You're 21. What's going on in your life? Who are you spending most of your time with? What's favorite things to do? eat? hobby?
My 21st year was an interesting one. I was living in Homestead, Florida and was in my 6th month of pregnancy with my 1st child, Jeremy, on the day I turned 21. I was unmarried, but in a serious relationship with Jeremy's dad. A lot of people go and get drunk on their 21st birthday because legally you can now. Not me! I was pregnant! So, I bought a 4 pack of wine coolers for Jeremy's dad just so I could say I bought them. The girl didn't even card me! I was ticked! I told her, "I'm sorry, but you have to card me." When she seen my license she realized why I was so insistent. For my birthday, Tommy (Jeremy's dad) took me out to an expensive restaurant. For the life of me, I cannot remember what he got me for my birthday. It was a very nice birthday.
Let's fast forward to a couple months later. It was August 23rd, and Tommy and I were supposed to go out of town to Disney World for a couple of days. Our plans were interrupted because upon waking that morning, we realized that the hurricane that wasn't expected to hit us had suddenly turned and heading straight at us now. Tommy was the assistant manager of the Winn Dixie grocery store in Homestead. So, he had no choice but to head into work. The grocery stores and lumber yards were swarmed with people who had to prepare for a hurricane that was expected to hit the next day. I got on the phone to the local hospital to find out if I needed to spend the night there since I would be entering my 9th month pregnancy the following day. I was instructed by the woman who answered the phone that they only accept women who were within 2 weeks of their due date unless their doctor recommended otherwise. I called and called my OBGYN, but he would never call back. Did I mention I was on Medicaid? The doctors consider you trash when your on public assistance. Urgh! I shouldn't have listened to the hospital staff. I found out after the fact that they didn't turn away any woman who was pregnant that came to the hospital.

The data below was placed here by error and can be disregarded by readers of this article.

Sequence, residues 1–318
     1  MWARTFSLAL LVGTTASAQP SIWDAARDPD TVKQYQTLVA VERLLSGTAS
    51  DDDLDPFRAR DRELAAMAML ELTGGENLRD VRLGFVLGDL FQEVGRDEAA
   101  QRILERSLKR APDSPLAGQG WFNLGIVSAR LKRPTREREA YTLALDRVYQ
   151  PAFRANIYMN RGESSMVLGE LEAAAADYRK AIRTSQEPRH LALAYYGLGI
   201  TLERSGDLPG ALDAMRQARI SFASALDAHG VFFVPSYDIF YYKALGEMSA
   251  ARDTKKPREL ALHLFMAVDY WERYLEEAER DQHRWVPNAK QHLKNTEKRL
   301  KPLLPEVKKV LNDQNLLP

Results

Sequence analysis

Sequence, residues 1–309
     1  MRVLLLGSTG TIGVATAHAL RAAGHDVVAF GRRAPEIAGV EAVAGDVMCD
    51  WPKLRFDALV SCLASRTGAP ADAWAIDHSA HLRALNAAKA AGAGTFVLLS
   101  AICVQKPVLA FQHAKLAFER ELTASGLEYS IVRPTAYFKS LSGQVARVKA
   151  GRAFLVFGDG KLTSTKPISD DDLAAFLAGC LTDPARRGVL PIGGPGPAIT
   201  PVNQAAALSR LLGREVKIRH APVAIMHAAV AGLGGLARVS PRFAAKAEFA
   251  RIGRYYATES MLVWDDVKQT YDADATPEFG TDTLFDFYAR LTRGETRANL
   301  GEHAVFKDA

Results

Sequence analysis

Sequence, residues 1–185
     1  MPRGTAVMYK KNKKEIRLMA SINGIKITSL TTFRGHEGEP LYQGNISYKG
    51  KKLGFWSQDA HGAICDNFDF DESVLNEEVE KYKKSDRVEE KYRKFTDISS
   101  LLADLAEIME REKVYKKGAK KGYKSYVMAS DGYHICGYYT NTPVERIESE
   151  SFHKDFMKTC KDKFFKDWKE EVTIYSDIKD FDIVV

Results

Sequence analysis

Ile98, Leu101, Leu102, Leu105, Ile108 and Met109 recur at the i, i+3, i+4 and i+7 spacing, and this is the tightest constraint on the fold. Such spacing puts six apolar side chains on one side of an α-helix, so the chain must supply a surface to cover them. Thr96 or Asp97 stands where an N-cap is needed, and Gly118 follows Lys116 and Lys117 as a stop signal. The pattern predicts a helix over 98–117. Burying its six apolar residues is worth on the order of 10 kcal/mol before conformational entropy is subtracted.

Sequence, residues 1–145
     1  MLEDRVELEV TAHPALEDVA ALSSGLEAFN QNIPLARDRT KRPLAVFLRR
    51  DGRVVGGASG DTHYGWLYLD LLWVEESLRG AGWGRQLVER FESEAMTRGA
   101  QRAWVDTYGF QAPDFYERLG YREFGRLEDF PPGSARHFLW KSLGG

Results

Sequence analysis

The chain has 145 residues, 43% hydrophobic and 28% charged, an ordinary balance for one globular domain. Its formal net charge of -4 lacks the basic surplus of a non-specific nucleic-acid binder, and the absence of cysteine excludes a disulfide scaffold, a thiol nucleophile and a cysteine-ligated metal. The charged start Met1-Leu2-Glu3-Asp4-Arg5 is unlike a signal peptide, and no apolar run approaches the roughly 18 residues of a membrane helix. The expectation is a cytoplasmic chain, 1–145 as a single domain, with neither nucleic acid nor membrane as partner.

We didn't board up our house; after all, the hurricane was expected to be a category 2 or 3 by the time it made landfall. No big deal, right? We went to sleep and the storm grew and grew. I awoke in the very early morning hours to the sound of the click of the TV turning off because we lost power. I could hear the wind outside. It sounded bad! I woke Tommy, and told him to turn off the TV. He laughed about it because the power was out, but I was worried that if it turned back on we may get a power surge. Little did I know we wouldn't have power again for 6 more weeks. It was a BIG hurricane! Hurricane Andrew grew to be a category 5 hurricane by the time it hit us. It was the most terrifying thing I have ever been through.
As the night progressed, I spent the night in our hallway (since there were no windows there) while my parents and Tommy fought to keep the doors from blowing off of our house. They literally had to hold the doors with everything they had while my dad tried to secure them by tying them off and securing them into the door frames with screws. At one point, my father was walking towards our family room with his hands in front of him (remember he couldn't see because it was dark)and suddenly caught our garage door. I was in the hallway still and suddenly felt a very cool breeze. I knew that this wasn't good. The breeze terrified me because I knew it meant something happened. Our outside garage door had lost one of it's panels. The wind that entered our garage came in with such force that it knocked the inside garage door that leads to our house off it's hinges in the opposite direction that it normally opens into my father's arms. Thank God his arms were extended, and that he wasn't hurt or even killed by the door! My dad decided to use that door to secure the other set of french doors in our family room. He bolted it to the frame of the door, and tied the handles to it.